Major Conference Explores Challenges and Opportunies in Cybersecurity
CCS 2019 Program Addresses Security in Variety of Environments, Including Cloud, IoT, Social Media and Elections
New York, NY, October 31, 2019—The Association for Computing Machinery’s Special Interest Group on Security, Audit and Control (ACM SIGSAC) will hold its flagship annual Conference on Computer and Communications Security (CCS 2019) on November 11-15 in London, United Kingdom. Now in its 26th year, CCS presents the leading scientific innovations in all practical and theoretical aspects of computer and communications security and privacy.
"As new types of computing technologies emerge, corresponding cybersecurity challenges appear in turn,” said CCS 2019 Program Co-chair XiaoFeng Wang of Indiana University. “This year’s CCS 2019 is where the world’s leading security researchers and practitioners will convene to solve today’s and tomorrow’s challenges facing not only the computing field, but much of society.”
Added CCS 2019 Program Co-chair Jonathan Katz of George Mason University, “This year’s CCS program features more than 100 research papers and a robust schedule of presentations addressing systems security, cryptography, network security, privacy, and more. These papers represent many of the most striking recent advances in cybersecurity from academic and industry researchers.”
2019 CCS HIGHLIGHTS
“The Need for Hardware Roots of Trust”
Ingrid Verbauwhede, Katholieke Universiteit Leuven, Flanders, Belgium
Electronics are shrinking and penetrating all aspects of our lives, from IoT devices, to self-driving cars, and to wearable health-sensing technology. Adding security and cryptography to these resource-constrained devices is a considerable challenge. Hardware roots of trust is at the foundation upon which software and cryptographic security protocols are built. This presentation will focus on the design methods for hardware roots of trust in general and more specifically on Physically Unclonable Functions (PUFs) and True Random Number Generators (TRNG), two essential roots of trust.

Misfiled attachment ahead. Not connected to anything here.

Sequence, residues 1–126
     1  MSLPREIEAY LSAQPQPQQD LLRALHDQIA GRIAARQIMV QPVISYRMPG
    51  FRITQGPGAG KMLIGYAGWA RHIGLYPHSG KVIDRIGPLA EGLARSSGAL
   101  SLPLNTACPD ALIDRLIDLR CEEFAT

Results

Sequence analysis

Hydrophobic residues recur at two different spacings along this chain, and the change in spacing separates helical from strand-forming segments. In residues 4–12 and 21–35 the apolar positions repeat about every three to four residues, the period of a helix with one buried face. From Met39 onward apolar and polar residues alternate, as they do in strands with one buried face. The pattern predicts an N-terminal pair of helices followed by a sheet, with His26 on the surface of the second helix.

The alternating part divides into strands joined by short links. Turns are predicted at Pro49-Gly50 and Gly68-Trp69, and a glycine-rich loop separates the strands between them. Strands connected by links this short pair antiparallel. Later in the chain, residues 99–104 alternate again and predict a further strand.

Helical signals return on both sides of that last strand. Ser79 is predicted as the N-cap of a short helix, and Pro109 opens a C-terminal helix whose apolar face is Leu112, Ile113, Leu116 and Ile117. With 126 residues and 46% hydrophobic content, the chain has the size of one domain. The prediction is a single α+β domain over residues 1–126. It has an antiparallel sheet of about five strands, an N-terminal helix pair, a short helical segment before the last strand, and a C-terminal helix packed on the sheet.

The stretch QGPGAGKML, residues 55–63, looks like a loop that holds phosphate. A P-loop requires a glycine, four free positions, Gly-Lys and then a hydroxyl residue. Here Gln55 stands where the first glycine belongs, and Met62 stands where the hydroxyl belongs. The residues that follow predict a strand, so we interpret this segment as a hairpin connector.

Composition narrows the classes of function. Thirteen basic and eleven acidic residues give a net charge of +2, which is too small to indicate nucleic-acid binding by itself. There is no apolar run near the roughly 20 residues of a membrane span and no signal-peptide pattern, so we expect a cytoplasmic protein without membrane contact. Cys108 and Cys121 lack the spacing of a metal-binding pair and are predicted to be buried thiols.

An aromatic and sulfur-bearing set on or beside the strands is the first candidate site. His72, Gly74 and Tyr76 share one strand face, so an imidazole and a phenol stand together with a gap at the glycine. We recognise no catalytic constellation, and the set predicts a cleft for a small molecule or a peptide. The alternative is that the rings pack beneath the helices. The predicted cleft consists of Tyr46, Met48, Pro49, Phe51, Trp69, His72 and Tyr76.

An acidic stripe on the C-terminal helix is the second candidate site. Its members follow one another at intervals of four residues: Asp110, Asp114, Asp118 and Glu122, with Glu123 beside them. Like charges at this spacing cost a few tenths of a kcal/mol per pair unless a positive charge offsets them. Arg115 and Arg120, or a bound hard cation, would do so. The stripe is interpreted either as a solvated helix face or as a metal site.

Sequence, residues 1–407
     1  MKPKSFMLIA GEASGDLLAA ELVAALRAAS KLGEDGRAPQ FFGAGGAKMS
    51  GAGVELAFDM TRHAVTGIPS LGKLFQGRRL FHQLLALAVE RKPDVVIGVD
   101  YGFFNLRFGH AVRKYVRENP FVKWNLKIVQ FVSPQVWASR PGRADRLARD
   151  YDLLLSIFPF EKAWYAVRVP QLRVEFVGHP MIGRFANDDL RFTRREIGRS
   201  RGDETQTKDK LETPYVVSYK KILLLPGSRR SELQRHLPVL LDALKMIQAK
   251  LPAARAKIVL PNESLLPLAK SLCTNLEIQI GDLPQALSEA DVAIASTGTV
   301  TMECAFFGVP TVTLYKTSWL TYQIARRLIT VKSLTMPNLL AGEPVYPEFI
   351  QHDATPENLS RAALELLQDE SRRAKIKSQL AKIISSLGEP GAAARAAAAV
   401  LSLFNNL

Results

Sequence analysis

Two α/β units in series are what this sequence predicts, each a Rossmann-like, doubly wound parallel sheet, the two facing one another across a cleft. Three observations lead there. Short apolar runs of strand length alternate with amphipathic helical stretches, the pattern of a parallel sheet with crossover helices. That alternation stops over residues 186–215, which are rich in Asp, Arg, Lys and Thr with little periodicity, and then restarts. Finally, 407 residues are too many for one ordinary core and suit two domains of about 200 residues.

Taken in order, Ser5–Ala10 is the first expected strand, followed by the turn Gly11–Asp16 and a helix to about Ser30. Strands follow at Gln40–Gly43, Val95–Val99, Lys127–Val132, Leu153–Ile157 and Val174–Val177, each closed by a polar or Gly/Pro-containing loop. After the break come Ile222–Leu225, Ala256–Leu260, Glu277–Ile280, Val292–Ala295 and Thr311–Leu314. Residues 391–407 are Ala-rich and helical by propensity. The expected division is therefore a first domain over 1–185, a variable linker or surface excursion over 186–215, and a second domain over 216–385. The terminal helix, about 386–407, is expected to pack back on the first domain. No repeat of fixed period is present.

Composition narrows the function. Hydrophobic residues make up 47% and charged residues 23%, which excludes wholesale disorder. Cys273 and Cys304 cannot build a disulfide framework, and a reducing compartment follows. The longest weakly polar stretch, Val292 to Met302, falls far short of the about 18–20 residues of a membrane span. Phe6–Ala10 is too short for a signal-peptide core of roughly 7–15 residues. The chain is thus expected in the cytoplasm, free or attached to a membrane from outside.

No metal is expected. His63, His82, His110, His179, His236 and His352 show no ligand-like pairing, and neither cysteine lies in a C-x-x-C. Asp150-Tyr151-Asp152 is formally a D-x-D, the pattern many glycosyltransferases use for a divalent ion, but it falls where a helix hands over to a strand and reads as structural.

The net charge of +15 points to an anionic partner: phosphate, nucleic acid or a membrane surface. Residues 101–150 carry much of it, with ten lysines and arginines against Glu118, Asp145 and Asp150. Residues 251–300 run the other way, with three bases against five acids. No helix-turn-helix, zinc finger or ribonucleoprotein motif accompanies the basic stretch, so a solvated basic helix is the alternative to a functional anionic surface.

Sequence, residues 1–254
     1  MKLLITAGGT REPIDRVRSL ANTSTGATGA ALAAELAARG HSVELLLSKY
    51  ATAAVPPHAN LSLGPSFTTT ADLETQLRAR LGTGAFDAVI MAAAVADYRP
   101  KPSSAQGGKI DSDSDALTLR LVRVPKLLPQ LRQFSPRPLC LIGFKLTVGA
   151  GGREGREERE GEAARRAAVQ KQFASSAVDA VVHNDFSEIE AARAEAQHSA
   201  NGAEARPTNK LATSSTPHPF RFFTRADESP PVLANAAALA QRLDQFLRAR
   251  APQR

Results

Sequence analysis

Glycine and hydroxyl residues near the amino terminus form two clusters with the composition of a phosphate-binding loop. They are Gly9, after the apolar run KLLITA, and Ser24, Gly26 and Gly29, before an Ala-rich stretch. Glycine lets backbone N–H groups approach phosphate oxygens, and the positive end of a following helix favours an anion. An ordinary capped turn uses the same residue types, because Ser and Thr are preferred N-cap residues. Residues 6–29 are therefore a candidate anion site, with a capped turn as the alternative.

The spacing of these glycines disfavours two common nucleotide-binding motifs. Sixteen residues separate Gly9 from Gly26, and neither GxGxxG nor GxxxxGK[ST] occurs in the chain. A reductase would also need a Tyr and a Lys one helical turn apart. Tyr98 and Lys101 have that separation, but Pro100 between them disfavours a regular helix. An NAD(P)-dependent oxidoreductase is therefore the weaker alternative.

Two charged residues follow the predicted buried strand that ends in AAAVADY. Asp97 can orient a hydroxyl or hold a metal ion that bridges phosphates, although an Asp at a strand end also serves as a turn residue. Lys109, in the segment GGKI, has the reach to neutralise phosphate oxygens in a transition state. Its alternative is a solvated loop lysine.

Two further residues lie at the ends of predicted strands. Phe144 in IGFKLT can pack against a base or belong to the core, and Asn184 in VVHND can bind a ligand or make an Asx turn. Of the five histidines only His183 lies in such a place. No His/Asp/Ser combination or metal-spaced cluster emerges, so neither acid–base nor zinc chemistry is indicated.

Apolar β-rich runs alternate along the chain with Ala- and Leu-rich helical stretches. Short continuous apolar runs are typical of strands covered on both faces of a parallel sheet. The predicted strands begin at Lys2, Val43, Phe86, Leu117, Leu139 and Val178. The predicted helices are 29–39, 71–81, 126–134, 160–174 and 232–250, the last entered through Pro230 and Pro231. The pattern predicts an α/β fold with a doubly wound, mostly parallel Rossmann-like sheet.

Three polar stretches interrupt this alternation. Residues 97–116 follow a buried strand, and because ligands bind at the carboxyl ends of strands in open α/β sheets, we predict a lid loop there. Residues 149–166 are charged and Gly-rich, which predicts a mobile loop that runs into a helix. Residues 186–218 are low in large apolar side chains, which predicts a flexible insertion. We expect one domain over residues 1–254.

“Hardware-Assisted Trusted Execution Environments—Look Back, Look Ahead”
Nadarajah Asokan, University of Waterloo, Waterloo, Ontario, Canada
Over the last two decades, hardware-based isolated execution environments, commonly known as “trusted execution environments” or TEEs, have become widely deployed. However, concerns about vulnerabilities, and potential for abuse have been persistent and have recently become increasingly pronounced. This talk will review the history of (mobile) TEEs, what motivated their design and large-scale deployment, and how they have evolved during the last two decades. It will also discuss some of their shortcomings and potential approaches for overcoming them. This talk will also explore other types of hardware security primitives that are being rolled out by processor manufacturers and the opportunities they offer for securing computing.
Best Paper Award
"Where Does It Go? Refining Indirect-Call Targets with Multi-Layer Type Analysis"